In 2003, the agency began lowering a borrower’s interest rate as a last resort to avoid foreclosure. This tactic is employed in extreme cases when no other loss mitigation alternative is a viable option. In most cases, the borrower has experienced a life-changing situation, thereby causing his expenses to exceed his income. Each borrower’s situation is unique and is therefore reviewed as such. Decisions are based on the borrower’s ability to pay, and the goal is to put the borrower back into a positive cash-flow position to avoid a re-default. This approach reflects the PHFA’s position that it is better to keep the borrower in his or her home whenever feasible, thereby helping the borrower, as well as his or her local community.

Since 2003, the PHFA has helped nearly 1,100 borrowers who would have otherwise certainly lost their homes to foreclosure. The typical household helped by this program is a family of three with a remaining loan balance of about $70,000. A recent review of these loans shows that 59 percent remain current with payment, 38 percent are delinquent, and 3 percent are in foreclosure.

Table: National, State, and Pennsylvania Housing Finance Agency (PHFA) Comparative Delinquency and Foreclosure Report
March 31, 2012
 
Number of Loans
30 Days Past Due
60 Days Past Due
90+ Days Past Due
Totals
Loans in Foreclosure
National Conventional
42,843,704
2.81
1.08
3.05
6.94
4.39
State Conventional
1,534,491
3.33
1.17
2.64
7.14
3.76
PHFA Conventional
22,358
4.03
0.64
0.70
5.37
0.82
National FHA
6,716,854
4.23
1.64
5.15
11.02
3.83
State FHA
272,483
4.66
1.60
4.07
10.33
3.03
PHFA FHA
29,358
6.71
1.83
3.45
11.99
1.56
June 30, 2012
 
Number of Loans
30 Days Past Due
60 Days Past Due
90+ Days Past Due
Totals
Loans in Foreclosure
National Conventional
42,506,797
3.14
1.17
3.04
7.35
4.27
State Conventional
1,519,958
3.81
1.38
2.66
7.85
3.85
PHFA Conventional
21,395
5.08
1.09
0.94
7.11
0.79
National FHA
6,827,727
4.93
1.84
4.77
11.54
4.23
State FHA
278,171
5.73
2.03
3.89
11.65
3.59
PHFA FHA
29,494
9.33
3.29
4.23
16.85
1.69
September 30, 2012
 
Number of Loans
30 Days Past Due
60 Days Past Due
90+ Days Past Due
Totals
Loans in Foreclosure
National Conventional
41,774,048
3.43
1.25
2.96
7.64
4.07
State Conventional
1,512,202
4.07
1.49
2.74
8.30
3.82
PHFA Conventional
22,220
6.13
1.46
1.52
9.11
0.99
National FHA
6,770,134
5.36
1.95
4.45
11.76
4.08
State FHA
280,309
5.99
2.20
4.05
12.24
3.76
PHFA FHA
29,533
9.33
3.28
5.31
17.92
1.89

Source: The PHFA

Comments from the PHFA: The PHFA’s conventional and FHA loans have relatively high 30-day past-due levels because the agency was established to serve low- to moderate-income homebuyers purchasing their first homes. Customers at these lower income levels, and with limited homeownership experience, are simply more likely to fall behind on their mortgage payments. The fact that these loans show much better performance after 90 days is a testament to the staff’s efforts to inform and educate these customers about the responsibility of homeownership. The PHFA’s percentages for conventional and FHA loans have generally risen during the three-month periods for 30/60/90 days past due and loans in foreclosure, as the data indicate. The PHFA believes that this reflects the rise in home loan delinquencies and foreclosures nationally.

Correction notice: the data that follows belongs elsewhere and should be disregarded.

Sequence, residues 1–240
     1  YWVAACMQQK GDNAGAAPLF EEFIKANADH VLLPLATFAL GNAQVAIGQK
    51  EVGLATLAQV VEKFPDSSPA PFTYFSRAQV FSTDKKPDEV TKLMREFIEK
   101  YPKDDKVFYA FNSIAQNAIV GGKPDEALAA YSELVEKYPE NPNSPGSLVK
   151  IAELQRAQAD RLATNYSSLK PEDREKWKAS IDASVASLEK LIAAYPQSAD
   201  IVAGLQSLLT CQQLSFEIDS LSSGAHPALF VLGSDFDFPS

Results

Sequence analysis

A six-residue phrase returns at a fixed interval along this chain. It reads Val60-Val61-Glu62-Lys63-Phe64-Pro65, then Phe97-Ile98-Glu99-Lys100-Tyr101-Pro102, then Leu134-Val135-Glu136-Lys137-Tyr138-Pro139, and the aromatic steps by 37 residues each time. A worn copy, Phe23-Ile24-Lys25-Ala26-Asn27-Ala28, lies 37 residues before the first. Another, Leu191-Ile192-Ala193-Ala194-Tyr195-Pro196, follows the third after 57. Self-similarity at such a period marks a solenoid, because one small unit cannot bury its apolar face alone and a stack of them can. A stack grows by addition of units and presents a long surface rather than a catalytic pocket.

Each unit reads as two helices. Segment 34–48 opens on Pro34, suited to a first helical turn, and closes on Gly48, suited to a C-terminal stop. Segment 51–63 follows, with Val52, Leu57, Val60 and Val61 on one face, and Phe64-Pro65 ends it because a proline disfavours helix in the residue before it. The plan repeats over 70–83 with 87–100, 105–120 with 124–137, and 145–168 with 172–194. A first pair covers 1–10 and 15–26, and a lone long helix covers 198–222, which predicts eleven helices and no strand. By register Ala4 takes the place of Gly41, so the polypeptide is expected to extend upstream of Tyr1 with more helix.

Extended Repayment Plans for Delinquent Loans

Another practice adopted by the PHFA has been to extend repayment plans over longer terms than are typically found within the industry. Experience has shown that some borrowers need more than the industry standard of six to 18 months to bring their account current. In response to this, and based on the borrower’s ability to pay, the PHFA has extended repayment plan terms for as long as 36 months in an effort to avoid foreclosure.

Obviously, not every case can be solved with a lower interest rate, an extended repayment plan, or extensive communications outreach efforts. But by embracing the concept of working with homeowners to seek out viable solutions, the agency has been able to service its loans in a way that benefits its customers, neighborhoods around the state, and the agency. The end result is an approach to loan servicing that faithfully mirrors our public service mission to help consumers in Pennsylvania find affordable housing solutions.

For information, contact Scott Elliott, director of communications, PHFA, at 717-780-3916 or selliott@PHFA.org E-Mail; www.phfa.org/about/ External Link.

  • * The views expressed here are those of the author and do not necessarily represent the views of the Federal Reserve Bank of Philadelphia or the Federal Reserve System.
  • 1 These figures are per internal calculations by the PHFA’s staff.